[Updates at the bottom of this post as of 10:33 pm CST for 8-20-2009 AD]
The 13th Day is a film based on the true story of the Marian apparitions to three shepherd children at Fatima Portugal on the 13th day of six consecutive months in 1917, starting on 13 May. The three children were Lucia Santos and her cousins, siblings Jacinta and Francisco Marto. These apparitions at Fatima were officially declared worthy of belief by the Catholic Church.
William Park (InsideCatholic.com) lists, in his judgement, “the fifty best Catholic movies of all time”.
Some readers, myself included, were very surprised by the absence of The Mission. A magnificent cast (including Robert DeNiro, Jeremy Irons and Liam Neeson); a play by Robert Bolt (A Man for All Seasons) — it has, in my estimation, one of the most powerful illustrations of penance and forgiveness in cinema.
The Mission deservedly won seven Academy Awards, and made the top 15 films under ‘Religion’ selected by the Vatican, commemorating 100 years of cinema.
So why didn’t it make the list? — the author doesn’t offer much of an explanation, save that “Bolt’s screenplay for The Mission looks at the Church from the point of view of Dostoevsky’s “Grand Inquisitor.” Steven D. Greydanus, however, explores the complexities and ambiguities of The Mission for DecentFilms.com.
Question for our readers: do you agree with the list? — Do you agree with Warren’s list? Any notable omissions? What would you have selected?
I saw the movie with Liam Neeson entitled “Taken”, the other night. It is the ultimate ‘Dads protecting daughters’ fantasy. It plays on a whole lot of primal emotions- particularly the temptation to give oneself over to extreme violence to protect the lives and sanctity of one’s children. Every father wants to imagine himself capable of defending his beloved children from any and all threats- and the father in “Taken” was that ultimate fatherly force. He represented more of a divine Angelic father who slays spiritually evil forces, than a realistic earthly dad- and as such I was able to excuse the incredible violence as something of a parable of ultimate accountability for those humans who perpetrate the evils of human trafficking and slavery.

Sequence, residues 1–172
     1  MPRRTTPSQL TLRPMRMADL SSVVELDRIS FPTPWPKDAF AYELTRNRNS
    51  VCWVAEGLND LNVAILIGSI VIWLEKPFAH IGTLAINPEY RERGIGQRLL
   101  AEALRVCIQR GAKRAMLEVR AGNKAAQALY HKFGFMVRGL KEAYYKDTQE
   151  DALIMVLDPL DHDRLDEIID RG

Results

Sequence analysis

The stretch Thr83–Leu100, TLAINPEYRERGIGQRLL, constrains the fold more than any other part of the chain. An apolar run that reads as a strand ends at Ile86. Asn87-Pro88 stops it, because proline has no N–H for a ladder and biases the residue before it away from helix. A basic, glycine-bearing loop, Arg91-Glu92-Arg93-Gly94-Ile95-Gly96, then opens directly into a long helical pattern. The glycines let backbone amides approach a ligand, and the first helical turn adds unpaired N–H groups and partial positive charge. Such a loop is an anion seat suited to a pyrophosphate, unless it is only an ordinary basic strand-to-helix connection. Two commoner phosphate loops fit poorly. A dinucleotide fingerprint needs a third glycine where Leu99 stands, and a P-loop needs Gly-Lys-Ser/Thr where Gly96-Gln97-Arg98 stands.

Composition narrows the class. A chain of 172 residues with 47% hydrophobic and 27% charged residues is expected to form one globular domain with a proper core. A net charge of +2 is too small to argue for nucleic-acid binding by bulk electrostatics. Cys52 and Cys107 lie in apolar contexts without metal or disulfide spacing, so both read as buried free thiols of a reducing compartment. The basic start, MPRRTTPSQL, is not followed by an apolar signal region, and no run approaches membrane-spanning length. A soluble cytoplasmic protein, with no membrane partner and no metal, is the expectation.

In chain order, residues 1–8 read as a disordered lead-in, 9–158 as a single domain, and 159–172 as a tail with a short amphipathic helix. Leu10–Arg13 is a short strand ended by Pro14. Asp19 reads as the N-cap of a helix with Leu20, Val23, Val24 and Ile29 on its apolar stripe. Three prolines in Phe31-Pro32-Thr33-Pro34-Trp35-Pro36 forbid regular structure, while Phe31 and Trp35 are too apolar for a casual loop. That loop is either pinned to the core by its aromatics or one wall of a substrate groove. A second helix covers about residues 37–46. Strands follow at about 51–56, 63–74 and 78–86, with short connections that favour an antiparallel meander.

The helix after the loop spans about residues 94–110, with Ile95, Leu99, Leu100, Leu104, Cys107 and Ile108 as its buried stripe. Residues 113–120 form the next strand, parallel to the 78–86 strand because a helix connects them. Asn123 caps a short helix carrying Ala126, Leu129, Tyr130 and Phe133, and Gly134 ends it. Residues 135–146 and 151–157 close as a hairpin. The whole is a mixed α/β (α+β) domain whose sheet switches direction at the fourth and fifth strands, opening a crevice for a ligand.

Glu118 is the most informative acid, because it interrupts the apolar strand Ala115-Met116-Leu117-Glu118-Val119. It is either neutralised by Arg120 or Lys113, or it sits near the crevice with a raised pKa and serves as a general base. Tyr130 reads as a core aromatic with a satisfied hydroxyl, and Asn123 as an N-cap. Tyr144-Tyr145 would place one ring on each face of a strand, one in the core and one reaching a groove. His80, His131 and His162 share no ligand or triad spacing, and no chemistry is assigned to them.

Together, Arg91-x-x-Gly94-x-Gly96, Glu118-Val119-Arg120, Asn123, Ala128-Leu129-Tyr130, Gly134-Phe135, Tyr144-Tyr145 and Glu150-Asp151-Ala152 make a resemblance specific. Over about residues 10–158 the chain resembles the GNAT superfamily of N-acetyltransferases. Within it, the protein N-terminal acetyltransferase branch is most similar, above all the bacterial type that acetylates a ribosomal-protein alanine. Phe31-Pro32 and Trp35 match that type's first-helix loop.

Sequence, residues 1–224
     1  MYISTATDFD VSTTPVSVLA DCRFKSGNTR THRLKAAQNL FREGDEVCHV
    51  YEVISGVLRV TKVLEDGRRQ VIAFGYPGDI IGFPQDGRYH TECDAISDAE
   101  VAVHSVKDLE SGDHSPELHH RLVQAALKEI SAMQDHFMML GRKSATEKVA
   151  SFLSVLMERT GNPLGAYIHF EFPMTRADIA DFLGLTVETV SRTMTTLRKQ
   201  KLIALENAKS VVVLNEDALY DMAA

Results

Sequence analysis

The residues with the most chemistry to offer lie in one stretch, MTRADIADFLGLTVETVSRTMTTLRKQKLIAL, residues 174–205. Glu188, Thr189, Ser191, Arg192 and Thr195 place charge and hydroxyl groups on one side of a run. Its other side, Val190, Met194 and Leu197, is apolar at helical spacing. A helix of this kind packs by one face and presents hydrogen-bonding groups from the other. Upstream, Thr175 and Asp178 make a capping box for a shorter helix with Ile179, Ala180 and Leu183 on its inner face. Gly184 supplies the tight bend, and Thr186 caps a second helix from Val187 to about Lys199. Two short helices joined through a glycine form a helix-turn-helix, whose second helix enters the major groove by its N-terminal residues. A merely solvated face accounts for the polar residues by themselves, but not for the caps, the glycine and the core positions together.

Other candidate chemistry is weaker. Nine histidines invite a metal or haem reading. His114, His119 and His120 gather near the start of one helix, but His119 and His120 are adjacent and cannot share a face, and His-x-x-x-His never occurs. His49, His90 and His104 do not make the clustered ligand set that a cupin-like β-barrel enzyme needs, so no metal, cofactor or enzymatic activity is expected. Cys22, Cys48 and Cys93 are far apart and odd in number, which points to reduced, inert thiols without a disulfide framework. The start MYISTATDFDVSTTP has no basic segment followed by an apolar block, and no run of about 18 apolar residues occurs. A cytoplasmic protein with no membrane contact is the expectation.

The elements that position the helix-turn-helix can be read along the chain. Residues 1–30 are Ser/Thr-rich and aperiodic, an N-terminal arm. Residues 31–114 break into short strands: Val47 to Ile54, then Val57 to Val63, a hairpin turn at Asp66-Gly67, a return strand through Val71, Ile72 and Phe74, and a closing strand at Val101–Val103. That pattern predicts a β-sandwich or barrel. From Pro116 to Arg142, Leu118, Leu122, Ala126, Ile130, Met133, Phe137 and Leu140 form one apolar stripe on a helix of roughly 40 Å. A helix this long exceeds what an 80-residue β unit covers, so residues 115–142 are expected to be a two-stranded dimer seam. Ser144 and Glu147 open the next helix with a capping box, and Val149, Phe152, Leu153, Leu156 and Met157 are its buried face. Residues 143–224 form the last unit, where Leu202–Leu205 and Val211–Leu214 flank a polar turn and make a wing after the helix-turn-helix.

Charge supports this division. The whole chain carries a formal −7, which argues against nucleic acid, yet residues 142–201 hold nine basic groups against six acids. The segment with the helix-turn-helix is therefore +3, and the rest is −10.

A number of feature films and miniseries have been made about the events of the American Revolution. Here are my top ten choices for Fourth of July viewing:
10. The Devil’s Disciple (1959)- I am not a big fan of the plays of George Bernard Shaw, but this film has its moments. Set during the Saratoga campaign of 1777, Laurence Olivier was an inspired choice as General “Gentleman Johnnie” Burgoyne, and Burt Lancaster and Kirk Douglas as the two American protagonists have their usual fine chemistry together on film. Not a classic but certainly an overlooked gem.
Aristotle taught that the purpose of tragedy is to inspire pity and fear in the audience, thence causing catharsis, a purging of emotion. I’ve always found his explanation of tragedy compelling, but as I get older (queue laughter at the thirty-year-old getting “older”) I find that I want to achieve catharsis much less than I used to. Not that my life is layered in tragedy or anything, indeed, far from it. But somehow, one just doesn’t feel as much like seeking out pity and fear at thirty as at twenty.
This has been running through my head as I’ve been reading about The Stoning of Soraya M.